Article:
As retail marketers continue to brainstorm their way through this unprecedented crisis, it’s a good time to evaluate what consumers are thinking—what they’re buying now, how they’re buying it, what they’re notbuying, and how long they think the crisis will last.
New research from on-demand consumer insights platform Suzy, included in a recent presentation given by CEO and founder Matt Britton, offers new insights on the effects that coronavirus is having on consumer behavior and sentiment across the United States.
Concern is setting in
Overall, 71 percent of Americans are now “very concerned” about the news surrounding COVID-19, compared to 47 percent who said the same thing two weeks ago.
Fifty-nine percent `of consumers now believe the COVID-19 crisis will last up to three months; 25 percent believe the crisis will last four to six months, and 10 percent believe it will last over six months.
Purchasing trends are changing
Fifty-four percent of consumers are no longer considering the purchase of big-ticket items (homes, cars, trips, luxury goods) over the next three months. Instead, consumers are focusing on two tiers of consumable products, which Britton has deemed the “Survival” tier and the “Sanity” tier:
Where consumers are buying their products has also changed. Over the last two weeks, consumers are beginning to fear crowding and lack of inventory, and said they are shopping less at wholesale and big box retailers (at a decrease rate of 33 percent and 35 percent, respectively).
Meanwhile, despite concerns about deliverability of packages, online shopping has increased 31 percent in the past two weeks; visits to local grocery stores have increased 28 percent.
Fast food Is thriving—for now
Interestingly, 38 percent of consumers said that they’ve been visiting quick service restaurants more in the past week, possibly as an alternative to sit-down restaurants.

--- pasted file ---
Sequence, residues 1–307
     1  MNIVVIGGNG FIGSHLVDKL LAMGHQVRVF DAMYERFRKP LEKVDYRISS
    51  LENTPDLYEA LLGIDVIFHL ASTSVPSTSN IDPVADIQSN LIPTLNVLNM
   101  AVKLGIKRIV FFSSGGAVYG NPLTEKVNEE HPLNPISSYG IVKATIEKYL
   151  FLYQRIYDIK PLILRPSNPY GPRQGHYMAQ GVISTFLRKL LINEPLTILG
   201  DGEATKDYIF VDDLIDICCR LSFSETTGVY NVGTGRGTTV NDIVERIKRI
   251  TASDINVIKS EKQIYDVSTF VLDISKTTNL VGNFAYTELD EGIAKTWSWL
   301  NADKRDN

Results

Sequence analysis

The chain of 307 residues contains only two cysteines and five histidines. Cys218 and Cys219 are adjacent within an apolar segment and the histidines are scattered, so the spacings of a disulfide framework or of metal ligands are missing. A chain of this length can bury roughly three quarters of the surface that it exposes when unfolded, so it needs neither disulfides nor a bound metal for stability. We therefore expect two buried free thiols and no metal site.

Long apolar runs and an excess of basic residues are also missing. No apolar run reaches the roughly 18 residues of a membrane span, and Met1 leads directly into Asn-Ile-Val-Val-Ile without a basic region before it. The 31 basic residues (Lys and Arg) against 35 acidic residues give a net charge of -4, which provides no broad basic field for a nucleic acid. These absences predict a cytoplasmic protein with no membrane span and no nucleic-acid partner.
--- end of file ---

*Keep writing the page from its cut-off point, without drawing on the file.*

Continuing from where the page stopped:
Franchises with the highest increase in visits include:
- McDonald’s: 58 percent
- Dunkin’ Donuts: 40 percent
- Burger King: 38 percent
- Starbucks: 36 percent
- Wendy’s 35 percent
- Chipotle: 35 percent
However, this might not be the case for long; 42 percent of consumers said that they do not trust the safety of any food prepared by QSRs.
“With this survey, Suzy confirms the importance of listening to your customer—and that in times of uncertainty, there are opportunities for new leaders to emerge,” Britton said in a statement after the presentation’s release.
Britton also announced plans to provide more webinars in the future to continually update companies on how consumer behavior changes and evolves over the course of this crisis. In addition, the Suzy website is now home to a Consumer Insights Hub for information related to COVID-19, including blog posts, a sentiment tracker, links to past webinars, the latest statistics from Suzy’s real-time audience network, and more.
Part One of the “Coronavirus and the State of the U.S. Consumer” webinar series, which was presented on March 5th, can be found here.
The presentation, Coronavirus and the State of the U.S. Consumer, Part 2, was initially given on March 20th to business leaders across several key industries. Data was sourced from a census-weighted panel of 866 consumers on the Suzy platform, and collected in real time between March 18th and March 19th.